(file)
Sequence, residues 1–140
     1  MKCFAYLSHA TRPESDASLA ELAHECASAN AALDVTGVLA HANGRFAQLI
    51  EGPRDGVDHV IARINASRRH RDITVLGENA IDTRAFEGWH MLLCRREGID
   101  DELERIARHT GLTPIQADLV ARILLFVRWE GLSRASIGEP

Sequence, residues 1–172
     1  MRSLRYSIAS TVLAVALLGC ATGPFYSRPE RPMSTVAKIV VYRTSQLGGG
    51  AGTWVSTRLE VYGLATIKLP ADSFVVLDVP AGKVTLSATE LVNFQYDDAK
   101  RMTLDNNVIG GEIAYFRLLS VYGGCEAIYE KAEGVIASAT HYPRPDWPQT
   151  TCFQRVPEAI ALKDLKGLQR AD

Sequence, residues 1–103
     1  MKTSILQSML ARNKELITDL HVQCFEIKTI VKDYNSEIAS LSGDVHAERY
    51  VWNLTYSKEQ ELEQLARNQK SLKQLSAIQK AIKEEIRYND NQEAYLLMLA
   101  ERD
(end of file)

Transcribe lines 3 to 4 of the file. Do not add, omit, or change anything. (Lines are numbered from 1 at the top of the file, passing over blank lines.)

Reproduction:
    51  EGPRDGVDHV IARINASRRH RDITVLGENA IDTRAFEGWH MLLCRREGID
   101  DELERIARHT GLTPIQADLV ARILLFVRWE GLSRASIGEP